Parenting throughout the college admissions process

The following is a guest blog from my esteemed colleague and college admissions expert, Suzanne Shaffer, who writes faster than I can read.

I’ll admit (willingly) that I like to offer my unsolicited advice to my children. Even though they are grown, I feel the need to continue to parent. As they did when they were younger, they smile, listen, and then do things their own way. It’s a type of dance parents and kids do with one another.

The hardest part of the college admissions process for a parent is finding a balance in your parenting. You want to encourage them, guide them and help them make the right choices. But when you push too hard, nag and set guidelines that interfere with their independence and individual choices you create a stressful and frustrating college preparation experience. This is a monumental step in your child’s life and you don’t want to taint it with fighting, frustration and family discourse.

Following are 5 tips for parents of college-bound teens (based around good old southern truisms) to keep peace in the home and reduce the stress related to the college admissions process:

1.    Don’t bite off more than you can chew (attempt what you can accomplish)
The key to any college admissions process is organization. Overloading your student with to-do lists on top of their regular high school studies and activities will only result in frustration on both your parts. Sit down with them and create a schedule, a calendar and an email account to use for all college related information. As the application time approaches, your student will not stress over an overwhelming to-do list.

2.    Don’t get caught with your pants down (surprised and unprepared)
You owe it to yourself and your student to have a serious conversation about money BEFORE they start applying to colleges. It’s your job to let them know what you are prepared to pay and also explain to them the importance of applying for scholarships and financial aid to minimize debt after graduation. Too many students today are graduating with hundreds of thousands of dollars of debt. You, as their parent, can help them avoid financial ruin after graduation.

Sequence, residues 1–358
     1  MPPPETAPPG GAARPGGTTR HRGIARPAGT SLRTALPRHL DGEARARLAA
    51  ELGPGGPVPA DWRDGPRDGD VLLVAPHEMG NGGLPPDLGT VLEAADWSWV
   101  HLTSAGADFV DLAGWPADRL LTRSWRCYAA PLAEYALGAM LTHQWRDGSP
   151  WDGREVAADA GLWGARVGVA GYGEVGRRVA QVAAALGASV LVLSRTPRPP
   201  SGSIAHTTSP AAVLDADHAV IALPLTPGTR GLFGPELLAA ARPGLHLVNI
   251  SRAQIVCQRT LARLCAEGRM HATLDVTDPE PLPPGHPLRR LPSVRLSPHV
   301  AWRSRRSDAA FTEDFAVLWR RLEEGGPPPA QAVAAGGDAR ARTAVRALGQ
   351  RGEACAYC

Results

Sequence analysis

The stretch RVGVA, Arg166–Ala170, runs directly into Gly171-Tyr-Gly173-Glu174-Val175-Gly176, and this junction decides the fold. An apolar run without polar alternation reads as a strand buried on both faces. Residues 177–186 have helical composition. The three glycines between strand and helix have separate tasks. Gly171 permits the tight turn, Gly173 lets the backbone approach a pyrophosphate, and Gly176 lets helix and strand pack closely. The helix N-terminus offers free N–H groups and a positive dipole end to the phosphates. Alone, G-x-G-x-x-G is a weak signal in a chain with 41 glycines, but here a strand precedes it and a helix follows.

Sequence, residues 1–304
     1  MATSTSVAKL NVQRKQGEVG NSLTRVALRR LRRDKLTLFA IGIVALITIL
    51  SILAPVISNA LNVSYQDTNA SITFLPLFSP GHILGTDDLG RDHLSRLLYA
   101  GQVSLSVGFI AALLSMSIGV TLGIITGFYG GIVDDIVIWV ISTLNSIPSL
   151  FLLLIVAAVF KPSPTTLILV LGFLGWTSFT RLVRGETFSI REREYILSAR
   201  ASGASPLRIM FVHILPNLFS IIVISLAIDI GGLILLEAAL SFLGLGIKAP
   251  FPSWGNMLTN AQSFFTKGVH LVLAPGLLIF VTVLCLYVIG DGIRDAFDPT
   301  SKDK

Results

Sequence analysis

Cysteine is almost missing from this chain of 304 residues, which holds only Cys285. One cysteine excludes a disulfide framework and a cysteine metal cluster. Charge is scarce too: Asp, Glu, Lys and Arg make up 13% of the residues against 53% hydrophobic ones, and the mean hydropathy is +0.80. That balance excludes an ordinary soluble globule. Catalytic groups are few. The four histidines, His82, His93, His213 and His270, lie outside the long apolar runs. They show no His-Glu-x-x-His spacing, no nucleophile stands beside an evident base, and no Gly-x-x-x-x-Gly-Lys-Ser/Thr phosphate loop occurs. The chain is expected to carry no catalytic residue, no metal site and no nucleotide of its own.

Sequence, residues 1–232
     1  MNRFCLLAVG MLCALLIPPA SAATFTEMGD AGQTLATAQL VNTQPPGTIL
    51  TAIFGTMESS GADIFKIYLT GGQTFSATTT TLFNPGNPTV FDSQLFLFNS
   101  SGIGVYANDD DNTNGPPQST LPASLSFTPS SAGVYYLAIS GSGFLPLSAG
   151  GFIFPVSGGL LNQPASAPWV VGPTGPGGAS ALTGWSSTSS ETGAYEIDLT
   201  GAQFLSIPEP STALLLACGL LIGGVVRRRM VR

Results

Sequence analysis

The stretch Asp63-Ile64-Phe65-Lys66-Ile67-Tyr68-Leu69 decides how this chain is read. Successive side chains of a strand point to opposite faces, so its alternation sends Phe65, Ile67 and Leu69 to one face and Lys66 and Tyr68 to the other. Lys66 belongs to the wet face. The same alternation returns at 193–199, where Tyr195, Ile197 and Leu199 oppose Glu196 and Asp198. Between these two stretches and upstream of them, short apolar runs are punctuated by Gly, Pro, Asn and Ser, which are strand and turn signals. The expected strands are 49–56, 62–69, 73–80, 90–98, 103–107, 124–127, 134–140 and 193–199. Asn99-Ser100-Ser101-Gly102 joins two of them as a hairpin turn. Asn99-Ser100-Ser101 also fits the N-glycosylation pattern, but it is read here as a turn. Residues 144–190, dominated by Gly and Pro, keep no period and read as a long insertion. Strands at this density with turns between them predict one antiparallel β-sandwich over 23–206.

3.    Don’t get your feathers ruffled (upset and pout)
Teenagers are moody and shut down often. The stress involved in applying to college will often cause them to become angry, frustrated, and distant. When this happens, give them some space and wait for them to come to you for advice (They will!). College has become such an important step in a young person’s life that they feel overwhelmed and scared at times. Expect this to happen and don’t take it personally.

4.    Don’t go off half-cocked (have only half the facts)
A huge part of a successful college admissions process is knowing what to expect and understanding how it all works. Spend some time online and research articles about college admissions. Never accept the theory that you are at the mercy of the colleges. Remember that you (and your student) are paying for this education and you are the customer. Approach the process as a wise, educated consumer.

5.    Don’t let your mouth overload your tail (talking too much)
The best advice I can give any parent is to listen. Teenagers will often talk during car rides, getting dressed in the morning, or while helping with dinner. Find that time when your teen likes to talk and listen carefully to what they say (reading between the lines as any good parent can do). Once you have listened to how they feel, you will be much more likely to provide the help they need when they need it the most.

Finally, remember to laugh and enjoy the process. It’s just one more step in your child gaining independence and moving toward productive adulthood. And believe me–it happens in two shakes of a lamb’s tail!


Suzanne Shaffer counsels parents in the college admissions process and the importance of early college preparation. Her Parents Countdown to College Coach blog offers timely college tips for parents and provides parents with the resources necessary to help their college-bound teens navigate the college maze. She is also a member of the Unigo Expert Network, a College Money Insider Expert and the College Coach for


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2 Responses to “Parenting throughout the college admissions process”

  1. Suzanne Shaffer (@SuzanneShaffer) Says:

    Thanks Paul for posting this. Helping parents of college-bound teens is my passion–(and I also love a little humor sprinkled into the mix). It’s so stressful, you’ve got to laugh sometimes to shake off the tension!

  2. Susie Watts Says:

    As a private college counselor and the parent of five college graduates, I think you have offered some excellent college planning advice for parents. I believe the listening part is most important. Teenagers want to know they are being heard, even if what they say may be just the need to rattle off. I know that many of the students I work with have come to me because the parents find the college admissions process causing more friction in their family than they like. It should be an enjoyable process and not one that divides the family.

    College Direction, Denver, Colorado

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